itch-Lit with Rohil: Beglitched

itch-Lit???? is a play journal by Rohil, exploring the ever-expanding collection of brilliantly bizarre indie darlings on  — published exclusively on All Ages of Geek!

Beglitched is the hacking-n-debugging puzzle epic from Hexecutable, a Brooklyn indie duo comprised of Jenny Jiao Hsia + AP Thomson. The game deals with feelings of insecurity or being compromised, and in that same thematic realm, connection. Magic & hacking, let’s go!

In Beglitched, you find a computer and assume the alias of its previous owner, the notorious Glitch Witch. You do their digital bidding, exploring a deep, intricate network of computers, clashing with rival hackers along the way.

Off the jump, I found myself overwhelmed. I adored everything presented, but fully grasping what I needed to do took a fair bit of time. The game is mechanically ambitious. 

You’ll cautiously navigate consoles, finding the path of least resistance through a network of computers. It feels like being in the tall grass of a Pokemon title while eliminating the tedium of encounters through variety of outcome. The risk is exciting and weighty, logging into a stranger’s computer, hoping to find collectibles and messages while avoiding some mines and network-scrambling eggs. 

For me, these navigation and collection sections are were the themes of online vulnerability and personal insecurity slap the most. We get some of those more personable elements in the boss encounters too.

Landing on a computer with a fellow hacker triggers the game’s battle sequence. A frantically-paced pattern recognition and strategy loop, riveting to play through. You enter a grid, with several different objects, and the enemy hidden. You’ll move objects of the same attribute either horizontally or vertically on the grid, allowing them to take effect. (Think: Bejeweled meets Battleships).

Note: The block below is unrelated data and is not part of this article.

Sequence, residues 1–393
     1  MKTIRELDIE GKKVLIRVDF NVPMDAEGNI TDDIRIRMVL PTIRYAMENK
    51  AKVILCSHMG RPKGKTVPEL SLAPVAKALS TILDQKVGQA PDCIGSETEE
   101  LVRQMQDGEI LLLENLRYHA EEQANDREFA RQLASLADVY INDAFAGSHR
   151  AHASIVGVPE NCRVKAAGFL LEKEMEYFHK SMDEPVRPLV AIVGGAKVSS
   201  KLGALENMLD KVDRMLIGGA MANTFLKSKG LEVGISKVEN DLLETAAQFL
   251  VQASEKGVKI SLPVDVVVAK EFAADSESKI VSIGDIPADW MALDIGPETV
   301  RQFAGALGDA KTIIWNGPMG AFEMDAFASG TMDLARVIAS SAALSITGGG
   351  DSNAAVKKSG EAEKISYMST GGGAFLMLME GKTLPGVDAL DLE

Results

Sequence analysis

Objects have a range of attributes. Lining up battery objects will give you more power to keep interacting with the grid. Lining up money objects gets you paid. Bomb objects are how you deal some damage. Compass objects point to the general direction of where the enemy is hidden. Every object is useful, and none of them feel duct-taped to artificially ramp up the complexity.

Encounters are fun, and those hits of dopamine when you line tokens up perfectly and connect with the enemy are… ohhh… baby… oh so good. The gameplay loop strikes a balance of cerebral and silly (silly in the best way)

Beglitched’s visual approach is superbly dynamic with a bubble-gum pop, bedroom punk aesthetic. The world is vibrant and alive in its assets’ animations, so perfectly responsive. Interacting with the UI is a treat, and the fluidity transitioning through the different phases of play is buttery-smooth. Everything is beautifully cohesive from the color palette to the font, the charming pixelated sprites, and UI-elements. It feels like I’m on a computer that a Digimon character would own. Of course, the glitch effects are top-tier. I’ve also now referenced both Pokemon and Digimon in the same article and would like to fight myself.

Lastly, the writing is thoroughly engaging and tightly worded. Dialogue and text prompts are snappy, charming, and form the backbone for the kawaii. The game’s writing builds the world tremendously and exhibits a rich personality.

I give Beglitched 2 ???????? and 3 ???????????????????????? out of 5. 

Play Beglitched

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